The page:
Understanding Flavonoids


Learn more about Flavonoids in the Strainprint Community

The cannabis herb produces more than 400 chemical compounds—all of which manifest in different efficacy profiles depending on consumption avenue, including ingestion (edibles) and inhalation (smoke and vapor, each producing different molecular profiles).

The most noted and understood of these molecules are cannabinoids and terpenes. Cannabidiol (CBD) is a non-impairing cannabinoid that provides anti-inflammatory and analgesic (pain relieving) benefits. Tetrahydrocannabinol (THC) is the infamous psychoactive cannabinoid that fights pain and depression. Unfortunately, THC can also produce disorientation and even panic attacks—especially in larger doses and when consumed by inexperienced users.

Major terpenes include myrcene (the most common found in cannabis that acts as a sedative), limonene (an anti-inflammatory and anti-proliferative [anti-cancer] agent), pinene (an anti-inflammatory that is helpful for respiratory conditions), and linalool (an analgesic terpene that also relieves anxiety).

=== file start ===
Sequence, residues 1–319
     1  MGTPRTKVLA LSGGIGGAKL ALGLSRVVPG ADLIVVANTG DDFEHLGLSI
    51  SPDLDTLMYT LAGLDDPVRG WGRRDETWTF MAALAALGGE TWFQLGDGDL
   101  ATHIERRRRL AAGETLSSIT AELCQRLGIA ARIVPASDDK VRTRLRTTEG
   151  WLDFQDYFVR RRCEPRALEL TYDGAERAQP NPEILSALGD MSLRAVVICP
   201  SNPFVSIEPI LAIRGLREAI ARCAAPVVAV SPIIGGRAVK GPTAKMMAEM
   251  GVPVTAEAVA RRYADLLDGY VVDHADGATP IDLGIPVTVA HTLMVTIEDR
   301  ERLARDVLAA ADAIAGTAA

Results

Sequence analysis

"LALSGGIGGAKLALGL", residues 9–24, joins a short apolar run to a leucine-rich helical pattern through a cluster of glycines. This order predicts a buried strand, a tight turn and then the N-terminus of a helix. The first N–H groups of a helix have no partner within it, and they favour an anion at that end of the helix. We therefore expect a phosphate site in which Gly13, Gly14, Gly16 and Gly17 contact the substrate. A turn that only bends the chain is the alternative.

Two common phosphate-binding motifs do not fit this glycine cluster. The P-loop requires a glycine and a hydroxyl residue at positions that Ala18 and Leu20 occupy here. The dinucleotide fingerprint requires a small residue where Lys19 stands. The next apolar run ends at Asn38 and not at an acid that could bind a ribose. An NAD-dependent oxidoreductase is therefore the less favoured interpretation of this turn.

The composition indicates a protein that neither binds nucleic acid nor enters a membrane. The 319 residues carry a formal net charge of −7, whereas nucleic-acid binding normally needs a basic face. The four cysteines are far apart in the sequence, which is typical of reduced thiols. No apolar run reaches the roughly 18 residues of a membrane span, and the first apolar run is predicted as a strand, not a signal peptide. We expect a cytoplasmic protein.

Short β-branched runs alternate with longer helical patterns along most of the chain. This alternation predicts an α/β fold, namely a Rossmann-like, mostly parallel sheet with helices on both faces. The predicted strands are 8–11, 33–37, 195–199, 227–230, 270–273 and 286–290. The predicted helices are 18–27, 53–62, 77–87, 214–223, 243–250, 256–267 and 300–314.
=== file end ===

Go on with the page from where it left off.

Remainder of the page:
Within this cacophony of cannabis chemistry lurks the redheaded stepchild of herbal enhancement: Flavonoids. These molecules share many traits with terpenes, including their availability in thousands of plants and fungi other than cannabis. The flavonoids found exclusively in cannabis are called cannaflavins. Roughly 20 flavonoids are found within the cannabis genome (not all of which are exclusive to this herb that is also categorized as a vegetable).

To learn more about flavonoids, visit the Strainprint Community…